Tuesday, December 20, 2011

Notes From Carol's Class: What If Your Dad Dies?

My dad died last Thursday (Dec 15th at 4:30 am). The funeral services are today. I've known for a while that this was coming because he's smoked his whole life and the doctors said he'd only have about 18 months left about 23 months ago. My sister said there was an updated prognosis a few months ago, but nobody ever told me about it. Anyway, the week before last I received a call from my sister saying that Dad wasn't doing so well and he might not make it through the night. I got off work early and drove down to Richfield to be with my family. Dad put up a good fight and put us kids through some hell that we'd have been happy without, but I think I learned something from it...maybe.

Okay, so Carol never actually talked specifically about "what if your dad dies." But I think one of her writing tips applies rather well here. You will probably not have experienced what your character is experiencing. For instance, the main character in my book does something with a baseball bat that I never have done (and hopefully never will do). The key to good writing though, is to borrow emotion. Take something you have felt and use it where your character needs it.

With my dad, I've had a lot of varying emotions. When he was first diagnosed with lung cancer I already expected it, but the offical diagnosis dug up a lot of anger in me. I hated my dad for neglecting his health and for not trying to quit smoking sooner. I hated him for not trying to be part of my life more and for thinking that he could put all the responsibility of our relationship on me. I was in the anger phase for a long time. When I went to Richfield the first time this month and saw how bad my dad's health was, it was hard. I hated seeing him in so much pain and I couldn't even bear to stay for long. He was angry too. I think angry at what he'd done to himself. Embarrassed that he couldn't walk by himself or use the toilent alone or even wipe his own ass (I did it for him while I was there). Telling you how I felt wouldn't begin to allow you to know how I felt. I stayed up with him until 2 am trying to get him off the toilet and into his bed. He didn't wnat to move. The only audible phrases he would muster up were "Get the hell away from me" and "leave me the fuck alone". So, I tried to keep him hydrated as much as I could by feeding him Otter Pops becuase it was the only thing we could get him to keep in his mouth and swallow. He wouldn't open his eyes much. I think he was ashamed at the state he was in and he couldn't bear to look at us. Every move he made hurt. And every touch from his kids hurt even more--especially when we tried lifting him off the floor. He spit pills at my sister. Punched me in the leg. Tried to kick my sister in the face. He didn't go without a fight. And every time he cussed at me, I cussed back--something my sister didn't appreciate very much. I guess I was still in the anger phase (and to be honest, I probably always will be).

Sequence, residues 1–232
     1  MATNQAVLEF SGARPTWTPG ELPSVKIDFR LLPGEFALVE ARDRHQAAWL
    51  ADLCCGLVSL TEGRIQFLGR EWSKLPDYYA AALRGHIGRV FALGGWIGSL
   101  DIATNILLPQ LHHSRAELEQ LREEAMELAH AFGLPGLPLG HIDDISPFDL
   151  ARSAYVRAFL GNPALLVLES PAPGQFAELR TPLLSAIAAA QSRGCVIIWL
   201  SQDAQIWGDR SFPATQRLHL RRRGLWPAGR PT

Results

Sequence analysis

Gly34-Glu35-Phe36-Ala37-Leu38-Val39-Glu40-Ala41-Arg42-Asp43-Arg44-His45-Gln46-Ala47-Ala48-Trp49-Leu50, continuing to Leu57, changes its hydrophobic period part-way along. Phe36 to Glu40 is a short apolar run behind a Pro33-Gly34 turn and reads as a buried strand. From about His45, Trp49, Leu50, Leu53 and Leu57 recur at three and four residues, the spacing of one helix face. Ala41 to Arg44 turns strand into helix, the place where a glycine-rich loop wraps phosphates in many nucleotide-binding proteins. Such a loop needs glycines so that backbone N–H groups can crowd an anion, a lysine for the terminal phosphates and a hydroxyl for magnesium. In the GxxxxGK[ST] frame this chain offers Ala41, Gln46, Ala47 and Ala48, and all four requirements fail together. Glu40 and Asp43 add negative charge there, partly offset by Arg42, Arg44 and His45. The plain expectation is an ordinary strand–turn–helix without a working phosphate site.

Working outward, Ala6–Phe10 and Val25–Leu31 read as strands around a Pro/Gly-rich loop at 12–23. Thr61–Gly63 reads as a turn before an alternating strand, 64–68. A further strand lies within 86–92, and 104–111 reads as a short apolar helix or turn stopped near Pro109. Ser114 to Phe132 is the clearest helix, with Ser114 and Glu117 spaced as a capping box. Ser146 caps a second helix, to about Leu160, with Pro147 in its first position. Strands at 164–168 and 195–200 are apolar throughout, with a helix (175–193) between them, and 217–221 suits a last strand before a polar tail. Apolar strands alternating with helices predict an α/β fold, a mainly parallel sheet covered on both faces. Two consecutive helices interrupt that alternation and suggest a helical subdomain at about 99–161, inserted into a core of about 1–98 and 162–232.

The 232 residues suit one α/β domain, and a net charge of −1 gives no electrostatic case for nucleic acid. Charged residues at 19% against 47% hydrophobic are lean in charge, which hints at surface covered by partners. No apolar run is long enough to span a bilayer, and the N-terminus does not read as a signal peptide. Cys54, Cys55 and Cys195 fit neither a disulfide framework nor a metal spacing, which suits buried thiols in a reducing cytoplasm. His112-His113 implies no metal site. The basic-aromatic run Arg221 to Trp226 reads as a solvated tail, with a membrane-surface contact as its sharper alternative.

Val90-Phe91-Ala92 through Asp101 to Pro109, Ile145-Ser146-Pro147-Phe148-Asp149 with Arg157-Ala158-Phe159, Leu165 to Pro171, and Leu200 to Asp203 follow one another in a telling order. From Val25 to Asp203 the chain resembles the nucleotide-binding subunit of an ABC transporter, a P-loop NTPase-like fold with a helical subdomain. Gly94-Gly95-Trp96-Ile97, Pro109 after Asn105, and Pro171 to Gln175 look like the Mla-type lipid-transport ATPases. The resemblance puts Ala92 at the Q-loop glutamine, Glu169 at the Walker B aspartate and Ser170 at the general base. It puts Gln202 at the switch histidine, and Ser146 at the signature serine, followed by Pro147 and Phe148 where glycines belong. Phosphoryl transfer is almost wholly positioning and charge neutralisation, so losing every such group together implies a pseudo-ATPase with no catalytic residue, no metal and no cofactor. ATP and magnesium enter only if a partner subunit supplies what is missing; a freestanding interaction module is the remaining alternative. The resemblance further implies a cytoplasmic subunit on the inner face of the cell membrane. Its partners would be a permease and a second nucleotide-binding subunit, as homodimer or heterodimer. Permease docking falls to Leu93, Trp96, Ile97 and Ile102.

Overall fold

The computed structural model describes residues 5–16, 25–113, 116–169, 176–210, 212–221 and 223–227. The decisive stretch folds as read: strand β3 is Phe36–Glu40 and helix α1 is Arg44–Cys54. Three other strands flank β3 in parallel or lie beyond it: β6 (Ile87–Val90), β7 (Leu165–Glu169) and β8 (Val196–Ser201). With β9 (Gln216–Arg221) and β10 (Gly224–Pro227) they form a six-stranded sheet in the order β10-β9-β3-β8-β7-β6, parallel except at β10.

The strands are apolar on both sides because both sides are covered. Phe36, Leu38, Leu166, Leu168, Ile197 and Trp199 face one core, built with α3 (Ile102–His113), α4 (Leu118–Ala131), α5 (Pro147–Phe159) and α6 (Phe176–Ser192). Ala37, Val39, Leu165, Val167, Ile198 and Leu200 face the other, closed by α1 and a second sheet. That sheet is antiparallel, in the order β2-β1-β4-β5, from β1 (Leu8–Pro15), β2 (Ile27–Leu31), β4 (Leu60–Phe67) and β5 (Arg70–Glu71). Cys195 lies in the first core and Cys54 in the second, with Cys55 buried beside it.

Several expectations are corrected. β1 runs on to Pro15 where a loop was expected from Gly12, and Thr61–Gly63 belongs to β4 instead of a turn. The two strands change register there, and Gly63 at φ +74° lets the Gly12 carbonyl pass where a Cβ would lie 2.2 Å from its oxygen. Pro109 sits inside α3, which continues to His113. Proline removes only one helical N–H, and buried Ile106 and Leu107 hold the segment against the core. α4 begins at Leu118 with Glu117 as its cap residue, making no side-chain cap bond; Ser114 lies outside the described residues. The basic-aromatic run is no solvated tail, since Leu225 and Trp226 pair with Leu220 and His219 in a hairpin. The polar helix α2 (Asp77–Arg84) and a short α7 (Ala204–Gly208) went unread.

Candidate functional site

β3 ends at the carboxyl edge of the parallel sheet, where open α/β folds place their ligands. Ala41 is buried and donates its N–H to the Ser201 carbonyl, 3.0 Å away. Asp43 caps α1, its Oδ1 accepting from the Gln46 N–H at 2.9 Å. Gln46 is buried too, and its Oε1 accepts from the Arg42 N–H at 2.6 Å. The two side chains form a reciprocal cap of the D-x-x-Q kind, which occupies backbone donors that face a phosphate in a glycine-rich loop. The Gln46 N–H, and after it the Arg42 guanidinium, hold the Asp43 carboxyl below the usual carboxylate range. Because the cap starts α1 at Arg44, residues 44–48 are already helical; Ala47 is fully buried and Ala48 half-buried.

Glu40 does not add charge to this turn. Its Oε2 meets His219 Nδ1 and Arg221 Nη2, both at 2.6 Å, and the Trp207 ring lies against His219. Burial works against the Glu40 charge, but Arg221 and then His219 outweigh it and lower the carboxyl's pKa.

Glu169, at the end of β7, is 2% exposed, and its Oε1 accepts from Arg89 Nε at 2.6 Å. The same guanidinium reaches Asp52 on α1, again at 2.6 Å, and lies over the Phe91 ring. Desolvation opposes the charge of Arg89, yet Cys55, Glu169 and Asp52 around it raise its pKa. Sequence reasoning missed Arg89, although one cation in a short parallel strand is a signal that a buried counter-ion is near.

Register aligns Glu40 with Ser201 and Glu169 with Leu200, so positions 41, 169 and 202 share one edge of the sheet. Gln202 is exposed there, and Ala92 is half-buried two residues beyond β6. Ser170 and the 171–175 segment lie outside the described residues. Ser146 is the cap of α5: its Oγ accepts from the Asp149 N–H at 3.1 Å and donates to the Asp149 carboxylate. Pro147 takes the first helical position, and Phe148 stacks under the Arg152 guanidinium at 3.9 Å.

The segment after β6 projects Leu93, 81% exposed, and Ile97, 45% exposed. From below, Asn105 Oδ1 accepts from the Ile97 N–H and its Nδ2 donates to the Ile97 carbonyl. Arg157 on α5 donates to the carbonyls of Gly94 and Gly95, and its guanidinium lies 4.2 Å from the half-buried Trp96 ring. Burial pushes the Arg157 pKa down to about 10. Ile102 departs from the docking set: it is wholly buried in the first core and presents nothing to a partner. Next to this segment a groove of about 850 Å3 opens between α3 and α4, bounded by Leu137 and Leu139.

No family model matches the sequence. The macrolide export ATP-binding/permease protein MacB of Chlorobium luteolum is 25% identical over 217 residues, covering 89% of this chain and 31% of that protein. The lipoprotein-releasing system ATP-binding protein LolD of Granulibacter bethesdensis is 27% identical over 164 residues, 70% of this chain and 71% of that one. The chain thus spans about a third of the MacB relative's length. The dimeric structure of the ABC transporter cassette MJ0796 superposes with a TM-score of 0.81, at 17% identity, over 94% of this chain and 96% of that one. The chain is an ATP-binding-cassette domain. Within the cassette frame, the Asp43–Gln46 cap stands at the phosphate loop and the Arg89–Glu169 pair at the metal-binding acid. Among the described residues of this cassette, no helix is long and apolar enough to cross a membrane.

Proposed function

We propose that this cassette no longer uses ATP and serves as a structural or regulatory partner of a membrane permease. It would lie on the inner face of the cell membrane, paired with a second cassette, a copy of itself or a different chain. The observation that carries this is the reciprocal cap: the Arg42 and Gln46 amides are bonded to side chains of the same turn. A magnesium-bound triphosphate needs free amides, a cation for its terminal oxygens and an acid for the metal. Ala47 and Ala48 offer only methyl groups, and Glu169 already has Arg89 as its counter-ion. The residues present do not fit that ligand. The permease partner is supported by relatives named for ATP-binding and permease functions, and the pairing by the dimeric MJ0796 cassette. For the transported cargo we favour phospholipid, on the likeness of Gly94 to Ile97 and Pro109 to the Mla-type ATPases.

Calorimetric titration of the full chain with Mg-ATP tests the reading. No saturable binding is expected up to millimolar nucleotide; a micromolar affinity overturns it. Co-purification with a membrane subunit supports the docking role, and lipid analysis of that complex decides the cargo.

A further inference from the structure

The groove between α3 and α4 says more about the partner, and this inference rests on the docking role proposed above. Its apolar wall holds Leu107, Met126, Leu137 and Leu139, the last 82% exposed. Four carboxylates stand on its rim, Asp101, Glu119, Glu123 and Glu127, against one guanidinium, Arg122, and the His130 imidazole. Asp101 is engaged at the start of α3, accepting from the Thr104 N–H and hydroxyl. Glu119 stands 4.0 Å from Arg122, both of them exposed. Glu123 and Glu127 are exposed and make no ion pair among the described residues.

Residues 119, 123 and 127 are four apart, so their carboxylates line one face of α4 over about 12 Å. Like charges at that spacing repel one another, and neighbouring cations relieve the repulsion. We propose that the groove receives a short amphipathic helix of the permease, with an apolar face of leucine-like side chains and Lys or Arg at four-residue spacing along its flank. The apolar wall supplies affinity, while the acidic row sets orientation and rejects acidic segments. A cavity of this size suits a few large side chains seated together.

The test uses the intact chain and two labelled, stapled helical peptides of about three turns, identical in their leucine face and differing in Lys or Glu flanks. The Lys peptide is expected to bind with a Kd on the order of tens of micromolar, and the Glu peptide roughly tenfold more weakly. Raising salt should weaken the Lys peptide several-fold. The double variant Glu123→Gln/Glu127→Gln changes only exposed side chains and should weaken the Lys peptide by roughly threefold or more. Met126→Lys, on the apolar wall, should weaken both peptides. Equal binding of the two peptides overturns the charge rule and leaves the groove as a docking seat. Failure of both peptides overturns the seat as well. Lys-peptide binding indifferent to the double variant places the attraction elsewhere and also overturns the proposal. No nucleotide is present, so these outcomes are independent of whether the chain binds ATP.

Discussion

I left after that weekend. My sister didn't want me to leave. She hadn't slept in at least a week. But I couldn't stay. I had work and errands and I didn't want to watch my father die. 4 days was enough for me. I talked to my sister on the phone later in the day when he died. She was angry at me for not staying. Angry that I didn't want to meet with the funeral home right away so we could plan his funeral services. Angry that I wouldn't just put my entire life on hold to watch my dad die. I don't think she was ready to let him go. There were a lot of emotions flying around. Guilt. Regret. Uncertainty. Confusion. Anger. And a lot of hurting. It's funny how even when you know somone is dying it always comes as a surprise. You never know exactly when the moment will be.